Actually, what I always really wanted to be was a wife and mother and being a musician complements my life so well.  I teach a few students each week and I spend 3 hours on Tuesday nights playing in a really good volunteer community orchestra.  We can handle most of the major orchestra repertoire and it’s a fun challenge for me to play with them.

I’ve also played with a piano trio (piano, violin, and cello) for over eleven years now.  We play at weddings and other fancy affairs, and of course I play at church on occasion.  I’ve done a few freelance recording projects as well here and there. 

I’m glad I can use my talents to enrich the lives of others and pass on some of my musical knowledge and experience while being able to stay at home with my children and watch them grow and progress.  It’s hard to fit practice time in, but I feel that I owe it to my children to show them how important this is to me, and let them see the parable of the talents at work in my life.  For I know that when we use what we’ve been blessed with, we will surely be given more, especially when we use what we’ve been given to bless the lives of others.

I realize I’ve hardly mentioned the cello at all on the blog lately.  I still play.  I still teach.  I still believe in showing my children that I’m willing to spend the necessary time to develop my talents.  But it is definitely a challenge finding time for it these days with 3 (soon to be 4) children, homeschooling, and everything else I have going on right now.  It is especially difficult right now to make it to orchestra and sit up straight and concentrate on music for 3 hours.  I will take a sabbatical, at least from orchestra, for the next few months, but I can’t even imagine giving it up for good.  My cello is one of my oldest and dearest friends!  I’ve owned this particular instrument for 19 years now.  I love being able to play beautiful music and hope to be at it for many years yet to come.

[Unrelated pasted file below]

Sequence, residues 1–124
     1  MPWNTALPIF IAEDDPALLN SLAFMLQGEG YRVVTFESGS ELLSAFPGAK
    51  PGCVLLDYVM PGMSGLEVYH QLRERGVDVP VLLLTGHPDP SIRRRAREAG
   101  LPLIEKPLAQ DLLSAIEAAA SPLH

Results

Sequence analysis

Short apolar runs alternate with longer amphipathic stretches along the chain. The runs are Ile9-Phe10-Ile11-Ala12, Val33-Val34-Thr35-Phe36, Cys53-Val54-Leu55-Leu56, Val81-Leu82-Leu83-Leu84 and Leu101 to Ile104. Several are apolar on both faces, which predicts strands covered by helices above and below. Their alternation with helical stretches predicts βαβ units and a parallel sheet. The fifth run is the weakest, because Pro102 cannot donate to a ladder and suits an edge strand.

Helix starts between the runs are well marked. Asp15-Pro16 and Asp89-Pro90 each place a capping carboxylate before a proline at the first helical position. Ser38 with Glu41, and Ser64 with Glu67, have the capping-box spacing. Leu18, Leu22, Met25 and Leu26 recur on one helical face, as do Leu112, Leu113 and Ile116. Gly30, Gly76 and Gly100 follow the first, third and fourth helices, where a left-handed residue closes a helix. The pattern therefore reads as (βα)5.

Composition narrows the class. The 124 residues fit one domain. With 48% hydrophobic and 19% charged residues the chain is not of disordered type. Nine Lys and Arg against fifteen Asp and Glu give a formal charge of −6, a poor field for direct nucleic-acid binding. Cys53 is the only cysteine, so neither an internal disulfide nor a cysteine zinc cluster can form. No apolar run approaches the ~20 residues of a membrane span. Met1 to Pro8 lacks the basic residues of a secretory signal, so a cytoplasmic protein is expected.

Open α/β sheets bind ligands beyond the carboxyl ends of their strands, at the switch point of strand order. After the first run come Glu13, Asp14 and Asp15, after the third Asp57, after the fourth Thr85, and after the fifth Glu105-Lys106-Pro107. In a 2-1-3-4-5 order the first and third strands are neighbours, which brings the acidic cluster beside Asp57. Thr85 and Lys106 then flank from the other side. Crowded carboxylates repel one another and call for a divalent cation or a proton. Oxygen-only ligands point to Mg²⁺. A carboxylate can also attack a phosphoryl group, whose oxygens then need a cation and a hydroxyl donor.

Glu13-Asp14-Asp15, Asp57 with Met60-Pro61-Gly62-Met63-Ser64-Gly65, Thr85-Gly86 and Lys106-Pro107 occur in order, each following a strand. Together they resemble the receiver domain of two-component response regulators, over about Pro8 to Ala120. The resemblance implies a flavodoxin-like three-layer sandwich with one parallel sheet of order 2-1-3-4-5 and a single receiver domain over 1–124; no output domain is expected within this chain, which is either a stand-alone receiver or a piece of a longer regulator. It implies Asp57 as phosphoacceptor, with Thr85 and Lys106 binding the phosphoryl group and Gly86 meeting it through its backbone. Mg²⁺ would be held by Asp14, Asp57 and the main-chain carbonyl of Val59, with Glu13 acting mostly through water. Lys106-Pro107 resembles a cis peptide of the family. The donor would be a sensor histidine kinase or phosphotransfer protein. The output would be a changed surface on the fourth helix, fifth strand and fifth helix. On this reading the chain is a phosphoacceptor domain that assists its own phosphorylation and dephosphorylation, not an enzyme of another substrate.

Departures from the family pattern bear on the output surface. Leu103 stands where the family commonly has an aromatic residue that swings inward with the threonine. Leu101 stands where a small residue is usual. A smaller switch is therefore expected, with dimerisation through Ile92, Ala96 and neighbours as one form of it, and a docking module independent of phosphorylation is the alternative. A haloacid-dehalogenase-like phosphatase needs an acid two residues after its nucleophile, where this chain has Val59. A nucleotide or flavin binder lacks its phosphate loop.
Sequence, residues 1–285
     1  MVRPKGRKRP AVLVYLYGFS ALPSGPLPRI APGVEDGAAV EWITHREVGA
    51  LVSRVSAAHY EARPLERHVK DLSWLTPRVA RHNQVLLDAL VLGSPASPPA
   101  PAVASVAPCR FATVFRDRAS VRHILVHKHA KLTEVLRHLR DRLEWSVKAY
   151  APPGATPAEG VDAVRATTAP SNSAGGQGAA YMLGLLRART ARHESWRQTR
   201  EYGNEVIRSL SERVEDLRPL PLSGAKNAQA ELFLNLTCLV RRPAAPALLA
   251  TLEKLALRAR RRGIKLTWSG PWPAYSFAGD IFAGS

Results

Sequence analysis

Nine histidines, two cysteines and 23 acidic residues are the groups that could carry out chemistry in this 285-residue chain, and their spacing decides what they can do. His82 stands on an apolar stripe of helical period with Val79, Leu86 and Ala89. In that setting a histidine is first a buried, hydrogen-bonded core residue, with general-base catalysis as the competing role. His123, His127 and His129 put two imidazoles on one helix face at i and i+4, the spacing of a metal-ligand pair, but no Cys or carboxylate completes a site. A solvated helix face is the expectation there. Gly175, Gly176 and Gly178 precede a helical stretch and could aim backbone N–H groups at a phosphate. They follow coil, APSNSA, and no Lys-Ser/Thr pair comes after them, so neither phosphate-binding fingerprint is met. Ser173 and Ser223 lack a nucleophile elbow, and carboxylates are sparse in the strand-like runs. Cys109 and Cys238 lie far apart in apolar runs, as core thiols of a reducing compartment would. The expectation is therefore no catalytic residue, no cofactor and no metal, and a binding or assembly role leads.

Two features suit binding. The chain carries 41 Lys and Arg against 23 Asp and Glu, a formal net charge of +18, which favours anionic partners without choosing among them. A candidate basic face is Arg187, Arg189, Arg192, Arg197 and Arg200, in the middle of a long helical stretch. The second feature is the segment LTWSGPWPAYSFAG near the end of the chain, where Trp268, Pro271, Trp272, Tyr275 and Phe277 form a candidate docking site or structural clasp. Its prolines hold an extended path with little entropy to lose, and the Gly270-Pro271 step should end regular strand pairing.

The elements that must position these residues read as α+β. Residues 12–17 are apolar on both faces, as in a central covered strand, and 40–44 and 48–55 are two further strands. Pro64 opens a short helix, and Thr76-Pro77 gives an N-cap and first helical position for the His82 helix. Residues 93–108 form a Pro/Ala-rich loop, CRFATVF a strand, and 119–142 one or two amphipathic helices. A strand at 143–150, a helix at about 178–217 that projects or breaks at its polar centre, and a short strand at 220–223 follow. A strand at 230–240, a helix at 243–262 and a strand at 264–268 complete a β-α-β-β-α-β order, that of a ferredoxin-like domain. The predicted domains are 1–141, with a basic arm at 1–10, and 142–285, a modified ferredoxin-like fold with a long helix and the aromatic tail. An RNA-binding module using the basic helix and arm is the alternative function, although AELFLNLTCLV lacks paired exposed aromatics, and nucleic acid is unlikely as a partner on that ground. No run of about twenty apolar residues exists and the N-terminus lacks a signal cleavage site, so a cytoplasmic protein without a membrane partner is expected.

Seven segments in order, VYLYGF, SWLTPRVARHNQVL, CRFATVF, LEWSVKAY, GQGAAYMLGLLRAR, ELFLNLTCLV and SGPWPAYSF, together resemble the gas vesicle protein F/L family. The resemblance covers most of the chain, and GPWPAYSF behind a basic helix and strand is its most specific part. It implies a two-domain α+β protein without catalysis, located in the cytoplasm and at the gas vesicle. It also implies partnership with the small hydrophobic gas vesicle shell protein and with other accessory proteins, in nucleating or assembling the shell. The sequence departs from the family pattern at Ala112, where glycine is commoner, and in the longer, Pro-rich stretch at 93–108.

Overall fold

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6 Comments leave one →
  1. October 26, 2009 7:20 am

    How wonderful to have so much talent. I played the piano for a while as a child and never really followed it up.
    Blessings
    Diane

  2. October 26, 2009 8:05 am

    Happy 25th with the cello!

  3. October 26, 2009 10:27 am

    Congrats on such a wonderful anniversary! The cello is my favorite instrument of all time. I think the sound of a cello is pure heaven.

  4. denise permalink
    October 26, 2009 1:16 pm

    I loved this post! I am impressed with your determination to keep your cello a part of your life.

  5. October 28, 2009 8:39 am

    What a wonderful post. I’m pretty sure that I’ve mentioned before that we are a string family (except me – former flute player). DH plays double bass with a couple of community orchestras. DS is learning viola and DD is learning cello. The kids have been playing for a bit over 4 and 3 years, respectively. We don’t necessarily expect them to be professionals, but would love for them to play throughout their lives. Music is so enriching. Thanks for sharing your love for it with us.